From its earliest days, the East India Company’s ships called at the South Atlantic island of St Helena on homeward voyages from Asia. They gathered supplies of fresh water, citrus fruits, meat and fish. Company ships also used St Helena as a place of rendezvous. It was safer to complete the final stage of the voyage with other vessels, especially in times of war.
Friar Rock on the island of St Helena - an immense pile of rocks rising perpendicularly eight hundred feet above the level of the sea. Image from St. Helena: a physical, historical, and topographical description of the island ... The botanical plates from original drawings by Mrs. J. C. Melliss (London, 1875) British Library Digital Store 10096.gg.15 BL flickr
In 1658 the Company decided to fortify St Helena and establish a colony. The first group of English settlers arrived in May 1659. Slaves were brought from West Africa to work on the plantations.
On 4 September 1672 a set of laws was issued: ‘Laws and Constitutions Ecclesiasticall Civill and Millitary made by the Councell to be observed by all the inhabitants of the Island St Hellena’.
The Laws were:
1 God was to be worshipped and served diligently. The guard at Fort St John was to attend morning and evening prayers at the toll of the bell, and all inhabitants were to attend church on Sunday unless prevented by necessity.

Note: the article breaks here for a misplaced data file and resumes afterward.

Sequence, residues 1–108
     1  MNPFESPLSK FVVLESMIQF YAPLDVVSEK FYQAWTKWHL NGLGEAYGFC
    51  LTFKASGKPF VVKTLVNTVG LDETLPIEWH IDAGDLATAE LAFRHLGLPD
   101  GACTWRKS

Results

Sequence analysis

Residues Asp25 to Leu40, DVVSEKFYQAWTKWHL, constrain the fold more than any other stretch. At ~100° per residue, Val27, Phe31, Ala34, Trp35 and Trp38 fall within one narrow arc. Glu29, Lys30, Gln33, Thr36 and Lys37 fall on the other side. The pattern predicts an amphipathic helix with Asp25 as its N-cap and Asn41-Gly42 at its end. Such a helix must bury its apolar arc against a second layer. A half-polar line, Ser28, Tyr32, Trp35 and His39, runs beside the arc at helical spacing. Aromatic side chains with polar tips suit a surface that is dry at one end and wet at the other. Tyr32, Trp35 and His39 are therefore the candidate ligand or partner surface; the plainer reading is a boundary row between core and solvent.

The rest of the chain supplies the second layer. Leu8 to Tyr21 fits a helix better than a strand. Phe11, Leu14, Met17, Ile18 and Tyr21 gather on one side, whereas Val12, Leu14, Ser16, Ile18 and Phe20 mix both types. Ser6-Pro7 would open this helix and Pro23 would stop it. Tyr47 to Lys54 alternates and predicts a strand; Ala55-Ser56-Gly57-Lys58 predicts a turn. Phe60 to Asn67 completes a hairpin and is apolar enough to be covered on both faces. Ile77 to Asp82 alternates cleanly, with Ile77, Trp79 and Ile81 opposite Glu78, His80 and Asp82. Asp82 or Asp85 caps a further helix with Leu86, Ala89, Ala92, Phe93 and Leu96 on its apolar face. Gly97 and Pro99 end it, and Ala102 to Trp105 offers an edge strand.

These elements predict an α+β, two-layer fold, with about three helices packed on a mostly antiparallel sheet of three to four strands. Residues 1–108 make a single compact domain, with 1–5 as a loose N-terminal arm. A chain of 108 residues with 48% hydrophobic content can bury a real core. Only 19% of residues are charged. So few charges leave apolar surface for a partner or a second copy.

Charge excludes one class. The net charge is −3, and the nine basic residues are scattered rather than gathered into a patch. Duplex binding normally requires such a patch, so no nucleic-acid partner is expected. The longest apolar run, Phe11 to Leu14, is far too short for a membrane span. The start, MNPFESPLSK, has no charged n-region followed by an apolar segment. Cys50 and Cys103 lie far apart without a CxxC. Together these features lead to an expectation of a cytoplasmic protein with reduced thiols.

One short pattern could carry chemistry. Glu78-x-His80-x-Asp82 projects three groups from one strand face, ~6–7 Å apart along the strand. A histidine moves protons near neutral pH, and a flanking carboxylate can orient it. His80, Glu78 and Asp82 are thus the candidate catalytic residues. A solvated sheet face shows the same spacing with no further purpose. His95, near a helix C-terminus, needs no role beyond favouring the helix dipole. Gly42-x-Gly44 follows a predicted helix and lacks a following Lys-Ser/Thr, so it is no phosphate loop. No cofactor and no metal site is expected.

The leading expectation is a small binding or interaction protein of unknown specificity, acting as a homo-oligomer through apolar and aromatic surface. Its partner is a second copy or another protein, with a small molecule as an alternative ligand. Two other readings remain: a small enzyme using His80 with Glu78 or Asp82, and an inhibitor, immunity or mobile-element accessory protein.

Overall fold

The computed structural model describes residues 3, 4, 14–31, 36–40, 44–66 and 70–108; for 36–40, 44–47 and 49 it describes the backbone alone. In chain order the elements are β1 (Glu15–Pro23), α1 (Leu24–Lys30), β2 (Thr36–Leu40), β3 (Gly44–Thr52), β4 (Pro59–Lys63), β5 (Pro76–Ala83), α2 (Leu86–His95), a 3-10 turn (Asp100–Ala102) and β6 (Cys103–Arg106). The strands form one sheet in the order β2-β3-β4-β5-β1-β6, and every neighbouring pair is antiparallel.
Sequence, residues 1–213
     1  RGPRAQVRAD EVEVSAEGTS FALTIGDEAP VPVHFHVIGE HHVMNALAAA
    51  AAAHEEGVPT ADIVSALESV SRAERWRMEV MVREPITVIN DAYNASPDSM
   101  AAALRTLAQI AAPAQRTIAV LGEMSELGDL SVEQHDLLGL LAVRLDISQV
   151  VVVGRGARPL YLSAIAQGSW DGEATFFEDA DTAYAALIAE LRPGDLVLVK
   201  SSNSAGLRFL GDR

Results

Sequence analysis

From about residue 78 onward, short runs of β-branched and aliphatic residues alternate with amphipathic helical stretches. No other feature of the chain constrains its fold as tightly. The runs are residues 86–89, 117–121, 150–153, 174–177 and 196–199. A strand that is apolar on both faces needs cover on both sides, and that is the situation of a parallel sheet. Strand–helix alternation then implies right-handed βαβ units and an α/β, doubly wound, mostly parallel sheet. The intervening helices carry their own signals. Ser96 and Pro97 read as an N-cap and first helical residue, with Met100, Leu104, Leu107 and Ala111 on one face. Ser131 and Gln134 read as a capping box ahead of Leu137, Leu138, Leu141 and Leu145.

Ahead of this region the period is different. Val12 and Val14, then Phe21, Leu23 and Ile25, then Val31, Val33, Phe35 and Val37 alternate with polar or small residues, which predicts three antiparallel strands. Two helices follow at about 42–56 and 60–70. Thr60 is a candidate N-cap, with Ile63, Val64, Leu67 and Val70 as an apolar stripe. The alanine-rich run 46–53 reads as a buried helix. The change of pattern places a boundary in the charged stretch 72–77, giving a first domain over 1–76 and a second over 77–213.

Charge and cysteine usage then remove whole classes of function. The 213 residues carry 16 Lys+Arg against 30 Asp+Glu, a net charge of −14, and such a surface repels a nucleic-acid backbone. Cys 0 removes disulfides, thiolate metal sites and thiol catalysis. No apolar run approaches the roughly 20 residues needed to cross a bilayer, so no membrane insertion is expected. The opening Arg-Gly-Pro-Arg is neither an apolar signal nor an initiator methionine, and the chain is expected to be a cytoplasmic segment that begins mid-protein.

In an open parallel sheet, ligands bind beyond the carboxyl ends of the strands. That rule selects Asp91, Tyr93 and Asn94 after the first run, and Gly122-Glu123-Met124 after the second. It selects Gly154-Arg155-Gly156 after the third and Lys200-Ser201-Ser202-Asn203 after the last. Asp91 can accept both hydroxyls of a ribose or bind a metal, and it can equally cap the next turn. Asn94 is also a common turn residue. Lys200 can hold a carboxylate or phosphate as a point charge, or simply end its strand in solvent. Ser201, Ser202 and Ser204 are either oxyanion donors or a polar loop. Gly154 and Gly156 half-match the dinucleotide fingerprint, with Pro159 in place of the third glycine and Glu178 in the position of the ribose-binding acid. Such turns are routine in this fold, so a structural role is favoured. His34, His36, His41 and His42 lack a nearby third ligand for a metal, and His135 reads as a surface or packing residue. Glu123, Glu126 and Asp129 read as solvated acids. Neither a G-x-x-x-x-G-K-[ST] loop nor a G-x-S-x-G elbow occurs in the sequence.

2 Sunday was to be kept holy and all were to refrain from cursing, swearing and excessive drinking.
3 To prevent idleness, every family was to have a plantation. They must not encroach on their neighbours’ lands or privileges.
4 Everyone was to look after their plantations, keep the ground well-fenced, ring their hogs, and improve the stock of cattle for the promotion of trade.
5 Inhabitants should endeavour to live in love and unity. Anyone bickering, brawling, or slandering neighbours would be severely punished.
6 No-one was to take revenge over a quarrel, instead going with witnesses to the Council for redress.
7 Every man was to live honestly and maintain himself and his family by careful labour and industry. The Council would punish anyone stealing from a neighbour.
8 Anyone found guilty of murder, burglary, buggery or any other capital crime would be shipped to England for trial and sentencing.
9 If debts were not settled on time, the Council would seize goods or cattle as payment.
10 Inhabitants were encouraged to build outside the Fort for the convenience of trade, and had permission to go on board English or friends’ ships.
11 Seamen were not to stay on the island without permission. Anyone harbouring a sailor would be fined £5. The sailor would be housed with the black slaves and work on the Company’s plantations until he could be returned to England,
12 Everyone capable of bearing arms was to respond to all alarms, with a 20s fine or a week’s imprisonment for each default.
13 The watch was to be observed continually and strictly when shipping approached. Each instance of neglect would be punished by a fine of 5s or another penalty decided by the Council.
14 Everyone was to go to Fort St John four times a year to be trained in martial discipline for the safety and defence of the island.
15 Anyone raising a mutiny or causing a disturbance of orderly government would be put in irons and sent home to the Company.
16 Anyone hearing of a plot, conspiracy or mutiny was liable to the same punishment as the perpetrators if they failed to alert the Council.
Lead Curator, East India Company Records
IOR/E/3/33 ff.153v-154 Laws to be observed by inhabitants of St Helena 4 September 1672
William Foster, ‘The Acquisition of St. Helena’, The English Historical Review July 1919, Vol. 34, No. 135, pp. 281-289.
St Helena settlers in 1667